The café racer is, regardless of platform, an exercise in aesthetics. The visual satisfaction you get from seeing one comes from its lines, and bike builders often have to work double time to pull those lines from a stock motorcycle. Not so for the R100 café racer. Here is a motorcycle that breathes sportiness. Even in stock form, its length evokes speed. It instantly takes on café guise when relieved of its stock seat and rear fender – clip-ons are optional. Just look at the typical BMW R100 café racer for sale, to get a feel for how easy the transformation really is.
Of course, bikes from the R100 line are not necessarily destined to become café racers. Many builders have produced some beautiful machines with simple restorations of stock R100s. And a BMW R100 scrambler is a sight to behold, though the classic upswept pipes of the genre require a builder who can bend some steel. The R100 most often becomes a café build simply because it lends itself to the design. But which versions make the best daily riders? There really is no wrong answer. Consider this beautiful R100RS racer.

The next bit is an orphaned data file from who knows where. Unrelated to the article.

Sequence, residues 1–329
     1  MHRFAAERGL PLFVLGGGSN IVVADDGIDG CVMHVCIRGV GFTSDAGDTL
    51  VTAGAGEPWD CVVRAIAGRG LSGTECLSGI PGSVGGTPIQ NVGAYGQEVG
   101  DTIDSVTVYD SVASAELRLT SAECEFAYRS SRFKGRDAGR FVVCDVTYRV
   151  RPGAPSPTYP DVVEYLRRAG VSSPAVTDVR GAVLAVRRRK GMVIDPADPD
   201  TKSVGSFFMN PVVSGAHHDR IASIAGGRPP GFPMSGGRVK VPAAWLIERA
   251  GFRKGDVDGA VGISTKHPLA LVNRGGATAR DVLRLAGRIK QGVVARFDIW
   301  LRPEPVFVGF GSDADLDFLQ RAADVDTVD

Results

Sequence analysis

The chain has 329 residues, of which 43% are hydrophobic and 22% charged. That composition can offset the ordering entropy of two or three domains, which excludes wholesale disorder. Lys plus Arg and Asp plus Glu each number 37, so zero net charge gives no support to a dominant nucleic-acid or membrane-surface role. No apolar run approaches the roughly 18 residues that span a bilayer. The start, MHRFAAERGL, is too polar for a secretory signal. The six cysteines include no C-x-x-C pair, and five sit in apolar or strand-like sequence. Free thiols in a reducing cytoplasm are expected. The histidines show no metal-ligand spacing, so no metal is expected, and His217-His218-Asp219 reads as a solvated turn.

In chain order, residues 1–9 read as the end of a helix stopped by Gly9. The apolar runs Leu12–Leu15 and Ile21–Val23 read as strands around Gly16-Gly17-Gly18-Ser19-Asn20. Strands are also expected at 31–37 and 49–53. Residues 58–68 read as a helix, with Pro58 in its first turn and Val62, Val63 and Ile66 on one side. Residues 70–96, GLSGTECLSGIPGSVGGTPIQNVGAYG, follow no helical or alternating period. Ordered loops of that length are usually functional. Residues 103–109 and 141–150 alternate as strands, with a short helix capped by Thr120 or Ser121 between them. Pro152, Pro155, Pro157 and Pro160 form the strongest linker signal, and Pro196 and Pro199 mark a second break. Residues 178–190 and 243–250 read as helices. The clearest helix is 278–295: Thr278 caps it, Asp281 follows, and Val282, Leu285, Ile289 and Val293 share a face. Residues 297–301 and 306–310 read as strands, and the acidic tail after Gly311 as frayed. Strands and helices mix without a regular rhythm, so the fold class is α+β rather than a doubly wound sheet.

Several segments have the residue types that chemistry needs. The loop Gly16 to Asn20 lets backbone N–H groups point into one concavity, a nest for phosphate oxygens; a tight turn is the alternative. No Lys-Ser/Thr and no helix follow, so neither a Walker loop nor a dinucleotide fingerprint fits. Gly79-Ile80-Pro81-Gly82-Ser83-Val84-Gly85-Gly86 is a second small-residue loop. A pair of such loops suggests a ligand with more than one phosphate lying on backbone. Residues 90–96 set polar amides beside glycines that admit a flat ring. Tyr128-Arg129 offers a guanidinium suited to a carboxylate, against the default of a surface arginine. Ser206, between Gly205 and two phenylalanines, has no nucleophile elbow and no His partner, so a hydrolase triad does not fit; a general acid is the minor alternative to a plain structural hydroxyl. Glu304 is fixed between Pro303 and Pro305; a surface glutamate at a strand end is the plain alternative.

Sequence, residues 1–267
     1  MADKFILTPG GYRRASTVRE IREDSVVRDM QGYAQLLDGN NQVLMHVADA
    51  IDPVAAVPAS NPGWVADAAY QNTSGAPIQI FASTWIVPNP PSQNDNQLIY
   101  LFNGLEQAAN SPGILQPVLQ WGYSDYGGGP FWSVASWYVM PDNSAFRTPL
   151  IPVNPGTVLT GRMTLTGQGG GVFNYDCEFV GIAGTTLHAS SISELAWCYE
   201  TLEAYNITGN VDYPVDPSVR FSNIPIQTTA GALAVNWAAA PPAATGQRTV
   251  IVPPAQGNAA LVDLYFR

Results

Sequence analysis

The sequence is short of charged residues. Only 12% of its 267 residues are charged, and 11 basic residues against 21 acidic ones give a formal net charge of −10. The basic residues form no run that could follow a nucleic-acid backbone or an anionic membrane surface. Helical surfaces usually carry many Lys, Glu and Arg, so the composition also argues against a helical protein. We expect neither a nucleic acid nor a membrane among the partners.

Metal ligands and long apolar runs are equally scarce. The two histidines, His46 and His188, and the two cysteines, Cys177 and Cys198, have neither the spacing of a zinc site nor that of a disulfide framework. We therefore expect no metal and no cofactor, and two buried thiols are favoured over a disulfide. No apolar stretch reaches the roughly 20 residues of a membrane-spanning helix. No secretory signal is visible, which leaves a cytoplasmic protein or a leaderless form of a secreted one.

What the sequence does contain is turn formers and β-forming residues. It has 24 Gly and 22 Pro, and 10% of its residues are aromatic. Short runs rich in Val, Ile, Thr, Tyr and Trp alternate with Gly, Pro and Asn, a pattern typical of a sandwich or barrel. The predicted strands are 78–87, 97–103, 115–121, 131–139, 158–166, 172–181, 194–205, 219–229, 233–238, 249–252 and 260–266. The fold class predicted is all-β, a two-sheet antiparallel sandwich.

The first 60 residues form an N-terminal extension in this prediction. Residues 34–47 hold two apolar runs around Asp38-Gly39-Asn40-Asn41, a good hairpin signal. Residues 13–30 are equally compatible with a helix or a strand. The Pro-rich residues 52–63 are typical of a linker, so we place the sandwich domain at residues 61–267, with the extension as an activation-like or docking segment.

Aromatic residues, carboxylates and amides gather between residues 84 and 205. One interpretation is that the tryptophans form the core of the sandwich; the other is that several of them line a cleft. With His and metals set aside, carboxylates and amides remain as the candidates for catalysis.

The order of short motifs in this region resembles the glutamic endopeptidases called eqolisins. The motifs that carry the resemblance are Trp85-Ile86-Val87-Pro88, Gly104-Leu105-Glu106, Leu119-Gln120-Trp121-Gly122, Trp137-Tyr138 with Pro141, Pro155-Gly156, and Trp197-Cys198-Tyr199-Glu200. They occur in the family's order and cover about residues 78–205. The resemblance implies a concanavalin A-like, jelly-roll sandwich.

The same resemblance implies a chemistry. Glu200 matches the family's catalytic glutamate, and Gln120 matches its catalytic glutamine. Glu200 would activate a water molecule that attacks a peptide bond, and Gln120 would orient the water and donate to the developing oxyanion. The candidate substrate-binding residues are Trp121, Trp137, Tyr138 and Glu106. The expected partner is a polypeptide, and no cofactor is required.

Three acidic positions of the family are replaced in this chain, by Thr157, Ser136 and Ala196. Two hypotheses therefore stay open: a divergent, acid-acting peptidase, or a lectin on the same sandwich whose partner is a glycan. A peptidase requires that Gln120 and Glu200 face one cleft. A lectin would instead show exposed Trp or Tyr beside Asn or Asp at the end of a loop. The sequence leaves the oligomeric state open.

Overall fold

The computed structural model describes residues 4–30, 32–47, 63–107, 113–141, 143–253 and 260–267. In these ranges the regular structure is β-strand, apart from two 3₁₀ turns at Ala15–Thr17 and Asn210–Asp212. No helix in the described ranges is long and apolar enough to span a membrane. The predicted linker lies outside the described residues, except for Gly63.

This impeccable interpretation of the sporting version of the R100 comes via Spain’s Macco Motors. It is the result of a customer bringing in two R100RS bikes in various stages of disrepair. The minds at Macco took what worked from each bike, restoring one clean café racer from those parts. The finished product is more restoration than it is a concept build, but it shows how a café racer can flow from a stock R100, regardless of variant. Easy like Sunday morning.
Improvement Through the Years
The first R100 examples are classic to the extreme. Beginning in 1980, the old-style mechanical ignitions – complete with points and capacitor – were replaced with a more modern electronic ignition. Reliability has never been a BMW fault, and it wasn’t actually improved with the new ignition, but owner maintenance was reduced.